Rumor Denied: Plastic Fiber Vespa LX for India?


[Piaggio has since denied this rumor. See the update at the end of the post.]

Indian car and bike blog Overdrive is reporting that the country’s Piaggio subsidiary is planning a new, lower-cost version of the Vespa LX featuring a plastic fiber body instead of the trademark monocoque steel construction. Though commercial vehicle sales in India have been an increasingly large chunk of  Piaggio Group’s global sales, the market for the Vespa brand, re-launched there last year, has started to cool. This was first addressed by a price reduction for the flagship LX model (Vespa’s only offering in the country).

In their outlook for 2013 and beyond (from their 2012 financial statements), Piaggio Group stated they intend to “accelerate sales on the Indian scooter market, a high-growth market where the Group began operations in the spring of 2012 with the introduction of the Vespa premium brand, in part through the expansion of the sales network and the enhancement of the product offer…” The rumored plastic LX could be part of the latter effort.

According to Overdrive, the new LX would cost INR 50,000, which by today’s exchange rate is approximately $920 USD and would represent a price drop of $200. These prices may seem fantastically low to US and European buyers, but these scooters will be produced in India solely for that market and costs are rarely comparable between countries due to various taxes, fees and regulations. The rumored price point is actually competitive with Honda’s scooter offerings in the country. Honda also manufactures in India but unlike Vespa has a product line completely different than what’s available in other countries.

What does this mean for the rest of the world? Not much, probably. But it’s interesting to see that the company would be willing to sacrifice one of the hallmarks of the brand — the steel body — in order to be more competitive in a fast-growing market and increase their market share.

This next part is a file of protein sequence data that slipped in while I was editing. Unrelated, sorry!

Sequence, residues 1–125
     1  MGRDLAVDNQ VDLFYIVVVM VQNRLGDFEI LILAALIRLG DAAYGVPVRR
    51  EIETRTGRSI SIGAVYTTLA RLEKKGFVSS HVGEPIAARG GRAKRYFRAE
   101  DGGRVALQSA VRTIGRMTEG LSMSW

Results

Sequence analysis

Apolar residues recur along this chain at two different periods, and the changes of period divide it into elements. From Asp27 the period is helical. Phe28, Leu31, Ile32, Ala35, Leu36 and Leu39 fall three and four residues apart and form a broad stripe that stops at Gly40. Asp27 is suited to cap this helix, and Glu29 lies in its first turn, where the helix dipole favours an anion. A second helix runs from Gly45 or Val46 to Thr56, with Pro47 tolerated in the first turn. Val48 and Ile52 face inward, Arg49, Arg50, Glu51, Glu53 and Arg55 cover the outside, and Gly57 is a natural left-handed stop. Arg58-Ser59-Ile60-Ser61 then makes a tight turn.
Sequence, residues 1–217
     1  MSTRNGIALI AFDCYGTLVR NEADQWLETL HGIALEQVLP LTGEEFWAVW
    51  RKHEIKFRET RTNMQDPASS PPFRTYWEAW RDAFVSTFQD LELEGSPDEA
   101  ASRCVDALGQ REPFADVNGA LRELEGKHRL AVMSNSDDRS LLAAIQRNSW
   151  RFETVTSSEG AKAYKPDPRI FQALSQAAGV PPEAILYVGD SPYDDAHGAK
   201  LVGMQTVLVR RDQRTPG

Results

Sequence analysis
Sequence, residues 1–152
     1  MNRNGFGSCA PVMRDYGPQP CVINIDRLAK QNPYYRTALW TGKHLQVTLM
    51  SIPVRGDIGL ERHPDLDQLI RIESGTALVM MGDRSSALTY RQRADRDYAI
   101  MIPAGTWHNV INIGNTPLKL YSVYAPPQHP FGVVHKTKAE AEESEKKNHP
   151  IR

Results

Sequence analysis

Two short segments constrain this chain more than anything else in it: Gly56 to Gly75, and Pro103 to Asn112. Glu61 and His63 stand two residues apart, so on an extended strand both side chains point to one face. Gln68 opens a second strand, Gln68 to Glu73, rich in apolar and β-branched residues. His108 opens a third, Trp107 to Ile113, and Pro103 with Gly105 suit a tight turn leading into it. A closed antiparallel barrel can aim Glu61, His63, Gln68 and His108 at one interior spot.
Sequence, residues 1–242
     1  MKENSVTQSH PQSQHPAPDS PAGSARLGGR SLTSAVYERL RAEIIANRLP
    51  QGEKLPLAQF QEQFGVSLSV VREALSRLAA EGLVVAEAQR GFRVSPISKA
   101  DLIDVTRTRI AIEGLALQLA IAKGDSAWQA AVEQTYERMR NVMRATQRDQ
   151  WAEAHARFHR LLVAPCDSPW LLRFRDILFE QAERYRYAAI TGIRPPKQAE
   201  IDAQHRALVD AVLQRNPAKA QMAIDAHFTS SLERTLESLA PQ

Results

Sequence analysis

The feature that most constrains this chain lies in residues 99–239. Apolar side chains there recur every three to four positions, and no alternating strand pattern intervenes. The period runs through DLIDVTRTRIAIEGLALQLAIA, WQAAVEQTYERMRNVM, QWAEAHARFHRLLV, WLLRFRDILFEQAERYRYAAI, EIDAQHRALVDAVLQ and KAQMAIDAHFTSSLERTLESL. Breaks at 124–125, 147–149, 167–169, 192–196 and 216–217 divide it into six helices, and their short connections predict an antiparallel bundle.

It also calls into question whether we’ll see Vespa’s 946-influenced successor to the LX this year, as rumored. A plastic fiber version would require many structural changes to create an internal frame. If the rumor proves true, we have to wonder if this version of the LX will continue to be produced and sold in India after being replaced elsewhere in the world, if the next-generation mid-displacement Vespa may not be unveiled in 2013, or if the LX’s successor isn’t as radical a design change as some have claimed.

[Correction: An earlier version of this story reported the new LX would have a fiberglass body. Sources in India are reporting either “fibre” or “plastic fibre,” which is more likely than fiberglass.]

Update, 4/2/2013:

Piaggio issued an official statement after our original post denying the rumor of a plastic/fiber, lower-cost Vespa in India. The media release states:

Piaggio set out to create the luxury segment with the launch of the Vespa LX 125 in India in April 2012. The information on Vespa unveiling a fibre body variant and reducing price to Rs 50,000/- is untrue.